Finding new ways to partner with area schools, businesses, homeowners associations, community groups, neighboring cities and county, state and federal governments would benefit the public, he said. He also wants to find ways the city can innovate with new technologies.

Ward 5

In Ward 5, Marc Baratta wants to be the voice of the next generation of Prairie Village residents while respecting those who have lived in the city for decades. He said that he’s heard concerns that Prairie Village is seen as a retirement community, but he understands the city has a diverse population and serves people of all ages.

Baratta would like to improve public parks, make retail locations in Prairie Village regional destinations and work with festival committees to boost attendance at events like the Jazz Festival. He hopes that attracting shoppers and festival-goers from out of town would boost tax revenue.

Baratta lives near the Mission Chateau development and said it’s important for the City Council to stay involved with the developer, Tutera Group, as construction begins on the project. He said he would be proactive about talking to residents so he could make an informed decision based on the ward’s needs if a similar development comes up.

Dan Runion said he has been interested in running for a seat on the City Council for some time. Runion and his family have lived in Prairie Village since 1993. He believes his experience as a certified public accountant, an attorney and a community volunteer give him the necessary knowledge and skills to navigate the city’s issues and help negotiate resolutions.

Because a considerable amount of time and money was invested in developing the Village Vision, the city’s strategic investment plan, Runion said he’d like to see the city focus on adhering to the plan as much as possible. He said one of the tough issues the city will face is deciding if increased population density is the answer to boosting tax revenue. He said the city does a good job of maintaining infrastructure and public safety, and he would like to see that continue.

Had Runion been involved with the Mission Chateau project, he said, he would have asked more questions so he could be as informed as possible and to ensure that developers have quantitative proof that projects adhere to Prairie Village’s plan for redevelopment and land use and will improve the city. If elected, he said he would use that standard for any new development.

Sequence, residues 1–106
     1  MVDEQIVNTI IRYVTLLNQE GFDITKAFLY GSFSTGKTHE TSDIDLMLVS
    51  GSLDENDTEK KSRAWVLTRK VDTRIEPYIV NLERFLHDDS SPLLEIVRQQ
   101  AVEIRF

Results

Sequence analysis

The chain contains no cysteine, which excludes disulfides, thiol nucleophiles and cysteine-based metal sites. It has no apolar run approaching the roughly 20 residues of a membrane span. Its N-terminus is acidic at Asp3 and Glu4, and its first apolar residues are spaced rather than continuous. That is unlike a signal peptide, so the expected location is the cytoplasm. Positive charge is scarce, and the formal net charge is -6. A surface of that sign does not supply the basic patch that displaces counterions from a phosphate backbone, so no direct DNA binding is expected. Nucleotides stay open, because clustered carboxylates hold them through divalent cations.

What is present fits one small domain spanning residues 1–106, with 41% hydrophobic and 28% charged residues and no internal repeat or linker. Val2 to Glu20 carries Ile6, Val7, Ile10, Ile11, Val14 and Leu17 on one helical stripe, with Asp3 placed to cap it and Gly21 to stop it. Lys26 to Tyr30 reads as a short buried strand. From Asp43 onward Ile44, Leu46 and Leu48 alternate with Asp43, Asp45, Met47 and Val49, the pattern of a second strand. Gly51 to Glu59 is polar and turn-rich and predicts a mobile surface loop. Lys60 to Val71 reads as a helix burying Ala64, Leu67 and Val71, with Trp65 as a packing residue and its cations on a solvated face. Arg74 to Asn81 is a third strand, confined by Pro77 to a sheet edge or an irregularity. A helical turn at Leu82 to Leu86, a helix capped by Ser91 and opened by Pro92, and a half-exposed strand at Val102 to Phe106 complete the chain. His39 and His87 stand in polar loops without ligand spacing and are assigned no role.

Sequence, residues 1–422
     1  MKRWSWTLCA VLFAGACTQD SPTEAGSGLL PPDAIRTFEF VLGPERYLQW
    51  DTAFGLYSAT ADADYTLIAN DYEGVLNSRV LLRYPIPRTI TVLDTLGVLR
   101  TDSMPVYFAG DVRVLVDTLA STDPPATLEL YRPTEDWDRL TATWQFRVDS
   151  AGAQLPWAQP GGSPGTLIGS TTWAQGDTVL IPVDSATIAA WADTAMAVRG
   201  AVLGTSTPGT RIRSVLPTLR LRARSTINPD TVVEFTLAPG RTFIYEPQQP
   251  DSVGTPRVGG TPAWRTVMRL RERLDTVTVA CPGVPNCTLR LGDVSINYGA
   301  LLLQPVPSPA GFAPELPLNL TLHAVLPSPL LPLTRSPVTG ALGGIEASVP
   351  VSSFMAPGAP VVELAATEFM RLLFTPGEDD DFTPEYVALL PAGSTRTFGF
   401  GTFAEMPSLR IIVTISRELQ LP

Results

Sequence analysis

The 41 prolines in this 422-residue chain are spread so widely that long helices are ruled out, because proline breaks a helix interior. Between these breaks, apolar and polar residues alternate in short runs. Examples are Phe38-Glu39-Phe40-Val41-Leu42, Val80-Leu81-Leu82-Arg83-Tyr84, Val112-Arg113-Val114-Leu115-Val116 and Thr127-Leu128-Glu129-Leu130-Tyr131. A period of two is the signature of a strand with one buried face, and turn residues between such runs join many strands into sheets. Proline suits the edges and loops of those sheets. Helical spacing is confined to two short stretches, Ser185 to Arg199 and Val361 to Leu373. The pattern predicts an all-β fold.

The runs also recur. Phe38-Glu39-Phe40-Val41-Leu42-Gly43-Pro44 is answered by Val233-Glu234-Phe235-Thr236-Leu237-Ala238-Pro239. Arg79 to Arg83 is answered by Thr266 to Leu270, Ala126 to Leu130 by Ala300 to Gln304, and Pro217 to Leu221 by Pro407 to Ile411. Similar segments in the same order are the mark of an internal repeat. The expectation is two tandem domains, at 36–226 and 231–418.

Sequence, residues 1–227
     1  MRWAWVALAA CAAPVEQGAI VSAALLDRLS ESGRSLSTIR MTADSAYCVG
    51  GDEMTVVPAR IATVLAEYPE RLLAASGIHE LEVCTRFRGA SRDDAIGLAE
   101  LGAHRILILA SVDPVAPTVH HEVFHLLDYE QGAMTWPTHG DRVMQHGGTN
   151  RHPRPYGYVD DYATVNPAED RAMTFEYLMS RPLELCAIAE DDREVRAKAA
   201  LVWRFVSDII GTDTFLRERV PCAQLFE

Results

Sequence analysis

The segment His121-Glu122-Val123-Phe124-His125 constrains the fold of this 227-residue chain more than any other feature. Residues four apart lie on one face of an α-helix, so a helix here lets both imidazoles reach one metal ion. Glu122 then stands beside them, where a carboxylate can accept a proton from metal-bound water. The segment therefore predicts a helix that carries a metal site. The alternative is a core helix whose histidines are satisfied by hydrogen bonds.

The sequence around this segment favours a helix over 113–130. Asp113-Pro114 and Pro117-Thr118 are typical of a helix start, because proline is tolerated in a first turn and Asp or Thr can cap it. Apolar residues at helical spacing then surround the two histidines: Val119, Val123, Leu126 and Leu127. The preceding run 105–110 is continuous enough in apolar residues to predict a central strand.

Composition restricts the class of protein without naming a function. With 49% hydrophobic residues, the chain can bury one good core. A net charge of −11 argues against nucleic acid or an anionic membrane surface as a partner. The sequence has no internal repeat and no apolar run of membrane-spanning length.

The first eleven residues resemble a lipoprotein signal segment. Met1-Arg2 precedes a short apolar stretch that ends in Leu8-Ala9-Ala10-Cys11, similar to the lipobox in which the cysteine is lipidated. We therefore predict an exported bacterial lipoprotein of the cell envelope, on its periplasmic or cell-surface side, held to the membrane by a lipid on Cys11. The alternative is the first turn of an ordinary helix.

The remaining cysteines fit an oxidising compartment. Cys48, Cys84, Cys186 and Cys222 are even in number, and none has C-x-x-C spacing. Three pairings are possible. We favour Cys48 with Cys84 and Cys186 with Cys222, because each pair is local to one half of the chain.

Ward 6

Terrence Gallagher would like to represent Ward 6 while being a strong voice for all residents of Prairie Village. The 19-year resident said he’s had career opportunities to move away, but has stayed in Prairie Village for the sense of the community.

Gallagher said he’s seen a lot of empty homes in Ward 6. He’d like the city to get involved somehow to make those properties more attractive to young families. Gallagher would like to see new families move into Prairie Village while attracting other development. That development should stay true to the characteristic of Prairie Village.

Also, Gallagher wants to make sure the city monitors its spending wisely. He said the city’s expenses should not be above the tax revenue.

As a member of the Village Vision steering committee and the 75th Street corridor study committee, he said he understands how important resident input is in making a decision. He plans to put resident opinions ahead of other interests.

Paul Gorelick, a Prairie Village resident since 1999, said the city has a diverse population and he wants it to continue to thrive. With starter homes and larger houses, he said the city should be an attractive place for young and old alike to live.

He said the city will have to decide whether several parcels of land remain residential only or if they can be rezoned for commercial use. Gorelick said because Prairie Village is heavily residential, the city will need to expand its commercial tax base. Doing so will help curb rising residential taxes while maintain a revenue stream. Properties like a spot on 75th and Mission and the Homestead Country Club are areas he said the city should study for redevelopment. He thinks mixed-use development would be good for the city as long as it blends in with the neighborhood.

Related content



Editor's Choice Videos